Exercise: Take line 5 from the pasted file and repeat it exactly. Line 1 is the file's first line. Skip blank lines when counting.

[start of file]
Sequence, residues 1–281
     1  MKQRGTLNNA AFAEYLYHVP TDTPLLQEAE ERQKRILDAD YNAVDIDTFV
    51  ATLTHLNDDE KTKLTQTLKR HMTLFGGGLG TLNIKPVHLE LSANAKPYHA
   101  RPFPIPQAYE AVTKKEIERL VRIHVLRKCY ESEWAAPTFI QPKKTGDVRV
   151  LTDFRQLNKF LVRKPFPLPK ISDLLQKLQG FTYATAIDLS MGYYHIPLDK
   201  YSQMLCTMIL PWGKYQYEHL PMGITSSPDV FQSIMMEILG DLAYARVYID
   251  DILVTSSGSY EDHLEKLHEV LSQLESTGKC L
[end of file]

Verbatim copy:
   151  LTDFRQLNKF LVRKPFPLPK ISDLLQKLQG FTYATAIDLS MGYYHIPLDK